Over the Edge
Steve Stoler reports
BAGHDAD - An Army sergeant from North Texas who was due to leave Iraq soon after three tours has been charged with murder and aggravated assault in the fatal shooting of five fellow soldiers at a military counseling clinic in Baghdad, a U.S. official said Tuesday.
Sgt. John M. Russell of Sherman was taken into custody outside the clinic following Monday's shooting at Camp Liberty, said Maj. Gen. David Perkins. It was the deadliest case of soldier-on-soldier violence since the Iraq war began in 2003.
Perkins gave few details of the shooting and said there were conflicting accounts of what happened.
He said Russell was referred to the clinic by his superiors, presumably because of concern over his mental state.
Perkins said the assailant's weapon had been taken away, but somehow he got a new gun, entered the clinic and opened fire.
"I'm sure he was under a lot of stress; I'm sure he's seen a lot of friends killed and mahyem that he shouldn't have seen," said the soldier's father, Wilburn Russell, in front of the Grayson County house that's owned by his son. "You can only take so much; your body's going to break down, and that's what happened."
Russell's father said his son felt that the military was the "most wonderful thing that ever happened to him," but that they "ruined his life."
"Evidently, he felt they turned against him; his life was over; he didn't care any more, I guess," Wilburn Russell said. "He broke. He just couldn't handle it."
In Washington, a Pentagon official said Russell was escorted to the clinic, but once inside argued with the staff and was asked to leave. After he and his escort drove away, Russell apparently seized the escort's weapon and returned to the clinic, said the official, speaking on condition of anonymity because the investigation was ongoing.
Russell is on his third tour of duty in Iraq, according to his service record. He was due to go home in three weeks, the official said.
Excerpts of the service record, obtained by The Associated Press, show that Russell previously did two one-year tours of duty here, one starting in April 2003 and another beginning November 2005.
Russell's hometown was listed as Sherman, Texas, when he enlisted. He entered the Army National Guard in 1988 and served until 1994. Russell became an active duty soldier in 1994, the record shows.
It also says Russell served in Serbia through the last half of 1996 and Bosnia and Herzegovina in the last half of 1998.
Russell received several medals and commendations, which an official described as typical for Russell's rank and time in the military. The official spoke on condition of anonymity because he wasn't authorized to speak on the record.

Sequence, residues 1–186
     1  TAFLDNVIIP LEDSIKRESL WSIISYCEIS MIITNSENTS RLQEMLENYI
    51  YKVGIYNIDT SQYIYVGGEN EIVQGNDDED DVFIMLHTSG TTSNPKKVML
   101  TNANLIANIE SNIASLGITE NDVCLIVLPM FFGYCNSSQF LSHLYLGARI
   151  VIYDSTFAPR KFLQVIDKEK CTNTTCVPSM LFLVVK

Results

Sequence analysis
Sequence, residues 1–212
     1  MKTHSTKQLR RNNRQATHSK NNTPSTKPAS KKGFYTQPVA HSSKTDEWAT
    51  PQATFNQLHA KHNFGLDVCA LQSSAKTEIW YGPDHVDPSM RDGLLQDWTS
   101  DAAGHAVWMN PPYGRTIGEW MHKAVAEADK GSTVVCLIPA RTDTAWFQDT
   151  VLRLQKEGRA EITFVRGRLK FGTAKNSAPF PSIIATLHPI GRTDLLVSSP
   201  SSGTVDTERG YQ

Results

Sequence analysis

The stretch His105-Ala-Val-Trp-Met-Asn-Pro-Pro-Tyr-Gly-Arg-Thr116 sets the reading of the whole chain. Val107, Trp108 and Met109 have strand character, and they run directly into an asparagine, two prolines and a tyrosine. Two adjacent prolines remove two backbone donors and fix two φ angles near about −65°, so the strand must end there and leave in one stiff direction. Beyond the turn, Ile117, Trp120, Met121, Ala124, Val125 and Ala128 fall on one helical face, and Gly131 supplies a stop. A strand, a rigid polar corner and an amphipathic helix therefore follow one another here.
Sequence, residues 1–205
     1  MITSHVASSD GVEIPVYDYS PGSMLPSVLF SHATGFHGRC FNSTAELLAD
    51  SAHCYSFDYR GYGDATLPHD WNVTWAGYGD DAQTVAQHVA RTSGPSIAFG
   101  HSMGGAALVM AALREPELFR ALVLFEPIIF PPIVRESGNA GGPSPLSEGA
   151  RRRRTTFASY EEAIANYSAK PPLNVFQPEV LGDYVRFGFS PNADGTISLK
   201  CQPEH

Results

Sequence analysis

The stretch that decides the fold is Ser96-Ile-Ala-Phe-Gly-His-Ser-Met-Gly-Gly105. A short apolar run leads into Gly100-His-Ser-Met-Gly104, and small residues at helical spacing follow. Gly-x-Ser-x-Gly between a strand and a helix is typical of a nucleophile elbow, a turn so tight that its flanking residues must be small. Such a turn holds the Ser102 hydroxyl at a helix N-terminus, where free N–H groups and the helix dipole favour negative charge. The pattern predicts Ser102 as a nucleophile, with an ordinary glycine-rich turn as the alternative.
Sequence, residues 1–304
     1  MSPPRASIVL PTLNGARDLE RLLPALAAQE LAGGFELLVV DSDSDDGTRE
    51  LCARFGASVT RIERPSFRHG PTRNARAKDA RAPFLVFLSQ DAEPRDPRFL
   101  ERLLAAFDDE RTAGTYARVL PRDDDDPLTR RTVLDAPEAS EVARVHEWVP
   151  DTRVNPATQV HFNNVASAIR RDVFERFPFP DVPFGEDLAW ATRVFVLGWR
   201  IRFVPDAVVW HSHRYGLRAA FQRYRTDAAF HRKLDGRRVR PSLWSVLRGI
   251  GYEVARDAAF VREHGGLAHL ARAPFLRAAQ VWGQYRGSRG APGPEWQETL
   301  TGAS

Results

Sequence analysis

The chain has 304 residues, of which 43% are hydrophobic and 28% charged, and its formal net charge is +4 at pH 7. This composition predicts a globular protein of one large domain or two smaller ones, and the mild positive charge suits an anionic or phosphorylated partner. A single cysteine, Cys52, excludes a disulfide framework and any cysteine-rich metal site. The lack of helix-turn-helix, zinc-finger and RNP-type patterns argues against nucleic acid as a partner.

Russell has no criminal record in Texas except for a conviction for criminal trespassing in 1988, according to Department of Public Safety Records.
A man who answered the phone listed for Russell's ex-wife and 20-year-old son declined to identify himself and said "No comment."
Perkins said two of the dead were officers from the 55th Medical Company, a reserve unit from Indianapolis. The others were enlisted personnel seeking treatment at the clinic. He did not identify the victims by name.
Russell, of the 54th Engineer Battalion based in Bamberg, Germany, was charged with five counts of murder and one count of aggravated assault in Monday's shooting, Perkins said.
He said a probe has also begun into whether the Army has enough mental health facilities in Iraq, where the attack at Camp Liberty has drawn new attention to the issue of combat stress and frequent deployments to battle zones.
The U.S. military is coping with a growing number of stress cases among soldiers in Iraq and Afghanistan - many of whom are on their third or fourth combat tours. Some studies suggest that about 15 percent of soldiers returning from Iraq suffer from emotional problems.
"One thing if we've learned from this war, we learned from World War II, Korea, Vietnam, the previous wars, is not all injuries are physical," said Maj. Gen. Daniel P. Bolger, commander of Multi-National Division-Baghdad.
President Barack Obama, who visited an adjacent base last month, said in a statement that he was "shocked and deeply saddened" by the report.
At the Pentagon, Adm. Mike Mullen, chairman of the Joint Chiefs of Staff, said the shooting occurred "in a place where individuals were seeking help."
"It does speak to me about the need for us to redouble our efforts in terms of dealing with the stress," Mullen said.
Violence has dropped sharply in Iraq since the high point in 2007, but attacks continue, especially in the north.
Also Tuesday, a suicide bomber rammed his car into an Iraqi police truck in the northern city of Kirkuk, killing five policemen and a civilian.
Kirkuk is the center of Iraq's oil production in the north and is contested between its Kurdish, Turkomen and Arab populations.